Background: David Cronenberg's last film, A History of Violence, was gripping - an intriguing story and plenty of suspense. And violence, oh the violence. Indeed, he displays a catalog of violence that was way too brutal for me to watch - when I couldn't avoid it. Cronenberg teams up again with Viggo Mortenson (The Lord of the Rings trilogy) for Eastern Promises, this time with Naomi Watts (King Kong,The Painted Veil) as the blond love interest. (One interesting note - Watts's next role is in the wildly violent Funny Games.) Both stars prepared intensely for their roles, Watts (pregnant while filming) as a midwife and Mortenson as a Russian gangster, for which he actually spent weeks alone all over Russia. I didn't know much about the story beforehand, but I did mention to the friends I saw it with that it would surely have some hyperviolent scenes. Wow, was that an understatement. A new area of my mind has been scarred, right next to the spot still suffering from A History of Violence.
Synopsis: Midwife Anna (Watts) finds a diary in the belongings of a young Russian girl named Tatiana who suspiciously dies from labor complications. The diary is in Russian. Conveniently, Anna's uncle is Russian and also happens to live with her. With amazing naivete, Anna follows the diary's link to a restaurant conspicuously serving as the franchise office of the local Russian organized crime family, or vory v zakone. The more warnings she is given to let well enough alone, and the more sordid details she learns from her uncle's translation, the more determined she is to learn of Tatiana's background so her surviving infant can be sent home. In the meantime, Nikolai (Mortenson) is the family's driver and boss-in-waiting, hoping to get "made" and earn his "stars." He quietly obeys the orders given him by current boss Semyon (Armin Mueller-Stahl) and his incompetent son Kirill (Vincent Cassel), but something tells you Nikolai is more than just a puckered face. We soon learn he is an undercover lawman with a crush on Anna. All of these details emerge amid wickedly violent scenes, and Nikolai is forced to decide between his profession and love life as he rises in the ranks of the vory v zakone.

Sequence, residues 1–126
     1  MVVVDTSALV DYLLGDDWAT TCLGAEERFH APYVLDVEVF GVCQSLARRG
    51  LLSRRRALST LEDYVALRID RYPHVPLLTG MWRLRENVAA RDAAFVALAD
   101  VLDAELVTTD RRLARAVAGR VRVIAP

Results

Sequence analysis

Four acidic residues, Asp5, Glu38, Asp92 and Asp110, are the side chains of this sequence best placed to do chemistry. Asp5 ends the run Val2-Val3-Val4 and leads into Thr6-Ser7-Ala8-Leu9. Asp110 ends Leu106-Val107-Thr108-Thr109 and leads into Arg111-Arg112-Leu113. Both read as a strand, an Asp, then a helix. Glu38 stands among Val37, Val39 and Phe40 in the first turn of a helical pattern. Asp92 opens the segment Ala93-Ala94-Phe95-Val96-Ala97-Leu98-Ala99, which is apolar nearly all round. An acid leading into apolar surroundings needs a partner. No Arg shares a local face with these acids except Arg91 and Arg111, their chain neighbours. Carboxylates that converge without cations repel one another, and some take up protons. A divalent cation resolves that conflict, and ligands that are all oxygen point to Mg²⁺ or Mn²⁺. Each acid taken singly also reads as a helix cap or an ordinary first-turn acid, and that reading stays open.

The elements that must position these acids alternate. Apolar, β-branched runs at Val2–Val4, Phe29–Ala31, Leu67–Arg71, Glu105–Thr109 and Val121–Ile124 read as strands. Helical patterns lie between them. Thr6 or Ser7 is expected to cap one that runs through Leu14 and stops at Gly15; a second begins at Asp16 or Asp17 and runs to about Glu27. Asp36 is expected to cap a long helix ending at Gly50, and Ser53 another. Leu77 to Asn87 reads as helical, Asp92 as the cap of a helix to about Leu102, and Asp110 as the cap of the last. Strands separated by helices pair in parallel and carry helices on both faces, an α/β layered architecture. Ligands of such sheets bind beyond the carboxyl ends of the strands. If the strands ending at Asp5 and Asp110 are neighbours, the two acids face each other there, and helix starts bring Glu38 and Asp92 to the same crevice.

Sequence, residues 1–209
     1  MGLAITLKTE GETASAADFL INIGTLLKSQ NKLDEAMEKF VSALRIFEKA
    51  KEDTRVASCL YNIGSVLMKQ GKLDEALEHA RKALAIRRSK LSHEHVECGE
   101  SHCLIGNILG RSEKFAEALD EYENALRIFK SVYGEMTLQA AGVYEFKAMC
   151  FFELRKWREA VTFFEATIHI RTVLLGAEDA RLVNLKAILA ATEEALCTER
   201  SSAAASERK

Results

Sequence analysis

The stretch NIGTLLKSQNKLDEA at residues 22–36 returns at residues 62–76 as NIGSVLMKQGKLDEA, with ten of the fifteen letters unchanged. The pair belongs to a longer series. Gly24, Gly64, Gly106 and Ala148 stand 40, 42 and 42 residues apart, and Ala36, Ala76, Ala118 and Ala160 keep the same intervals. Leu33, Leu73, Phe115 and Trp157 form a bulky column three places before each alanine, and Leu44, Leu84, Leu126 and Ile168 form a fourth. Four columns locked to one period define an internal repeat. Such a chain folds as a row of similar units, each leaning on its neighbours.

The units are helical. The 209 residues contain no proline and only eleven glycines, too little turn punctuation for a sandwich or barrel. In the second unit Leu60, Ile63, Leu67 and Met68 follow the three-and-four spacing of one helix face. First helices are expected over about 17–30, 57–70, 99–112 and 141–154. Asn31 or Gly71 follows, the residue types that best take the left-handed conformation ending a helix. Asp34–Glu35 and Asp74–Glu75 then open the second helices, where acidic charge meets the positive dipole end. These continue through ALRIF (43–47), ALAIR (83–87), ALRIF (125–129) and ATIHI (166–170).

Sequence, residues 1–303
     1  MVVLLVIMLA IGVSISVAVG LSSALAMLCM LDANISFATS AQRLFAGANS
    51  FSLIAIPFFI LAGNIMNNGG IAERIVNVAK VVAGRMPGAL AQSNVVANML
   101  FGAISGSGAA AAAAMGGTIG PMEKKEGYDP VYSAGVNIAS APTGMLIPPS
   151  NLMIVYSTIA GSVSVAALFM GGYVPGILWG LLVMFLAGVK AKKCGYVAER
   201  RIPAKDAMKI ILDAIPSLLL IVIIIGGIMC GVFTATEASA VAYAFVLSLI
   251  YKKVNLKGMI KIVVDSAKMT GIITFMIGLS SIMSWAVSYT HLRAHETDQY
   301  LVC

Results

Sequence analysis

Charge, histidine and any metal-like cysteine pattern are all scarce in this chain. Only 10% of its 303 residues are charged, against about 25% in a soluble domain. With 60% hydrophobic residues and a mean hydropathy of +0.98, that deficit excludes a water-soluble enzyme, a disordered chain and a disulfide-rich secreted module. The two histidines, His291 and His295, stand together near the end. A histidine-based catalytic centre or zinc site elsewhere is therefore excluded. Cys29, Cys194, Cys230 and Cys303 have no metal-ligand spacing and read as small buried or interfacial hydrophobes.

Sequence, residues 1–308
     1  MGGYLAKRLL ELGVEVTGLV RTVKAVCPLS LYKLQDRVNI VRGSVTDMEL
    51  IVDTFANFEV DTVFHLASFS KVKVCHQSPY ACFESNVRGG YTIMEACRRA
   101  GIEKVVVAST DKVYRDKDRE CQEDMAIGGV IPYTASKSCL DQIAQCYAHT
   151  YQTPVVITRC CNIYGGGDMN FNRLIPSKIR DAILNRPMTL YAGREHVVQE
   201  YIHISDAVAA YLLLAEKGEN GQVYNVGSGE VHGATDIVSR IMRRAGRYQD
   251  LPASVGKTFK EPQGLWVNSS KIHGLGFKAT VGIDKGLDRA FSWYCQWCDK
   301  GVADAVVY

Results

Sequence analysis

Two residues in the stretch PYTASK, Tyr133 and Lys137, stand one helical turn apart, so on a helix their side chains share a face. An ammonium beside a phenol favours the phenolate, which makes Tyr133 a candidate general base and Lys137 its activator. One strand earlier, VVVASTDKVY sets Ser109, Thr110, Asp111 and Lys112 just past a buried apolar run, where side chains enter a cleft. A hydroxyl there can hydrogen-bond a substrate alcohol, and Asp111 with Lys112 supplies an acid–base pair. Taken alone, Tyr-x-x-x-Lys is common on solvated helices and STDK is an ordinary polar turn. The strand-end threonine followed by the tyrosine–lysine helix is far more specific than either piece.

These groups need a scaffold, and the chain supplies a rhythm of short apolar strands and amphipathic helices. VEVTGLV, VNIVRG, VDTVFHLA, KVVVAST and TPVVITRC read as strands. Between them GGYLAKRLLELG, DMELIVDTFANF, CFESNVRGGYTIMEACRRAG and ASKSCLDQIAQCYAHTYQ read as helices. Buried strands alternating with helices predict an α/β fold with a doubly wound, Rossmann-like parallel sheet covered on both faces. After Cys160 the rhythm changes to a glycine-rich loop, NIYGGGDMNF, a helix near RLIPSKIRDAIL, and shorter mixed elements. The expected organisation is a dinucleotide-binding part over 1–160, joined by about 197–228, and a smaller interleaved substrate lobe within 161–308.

+ The production design - rainy, noir London and cozy Russian feasts, just like I remember from the old country.
+ Vincent Cassel's disgusting performance - the quintessential impulsive heir, the movie would have suffered without him.
+ The cinematography - there is something about the way Cronenberg frames shots that set them apart from everyone else.
+ The musical score.
+ Learning about the vory v zakone.
- Naomi Watts - she toned down her trademark crying and shrieking, but it was still more than enough.
- Armin Mueller-Stahl's accent - look, the guy is German, he's always going to be German, and trying to make him sound like he is anything other than German is ridiculous.
- The totally unnecessary diary entry narrations.
- The extremely graphic violence, of course.
Writing - 9
Acting - 9
Production - 9
Emotional Impact - 8
Music - 5
Significance - 4
Total: 44/50= 88% = B+
Last Word: For me, this was all about the violence. The story is somewhat interesting, but the brutality was a major distraction for me. If you can look past that, you'll probably love Eastern Promises. It's a well-made, taut film with viciously evil characters and a clear hero to root for, but you're left wondering who really had the best motives. Never having seen The Sopranos (yes, I'm serious), I don't know how Eastern Promises compares to popular crime family dramas, but fans of the show will likely fill theaters to see this. Just expect the violence to be as bad as I'm describing it. Maybe you'll shrug your shoulders and laugh (some people did), or maybe you'll really be affected by it, like I was. I guess I just see it as real - people are actually killed in those ways, and I don't need to see it to know that. My imagination usually does just fine given the chance, but Cronenberg leaves no opportunity here.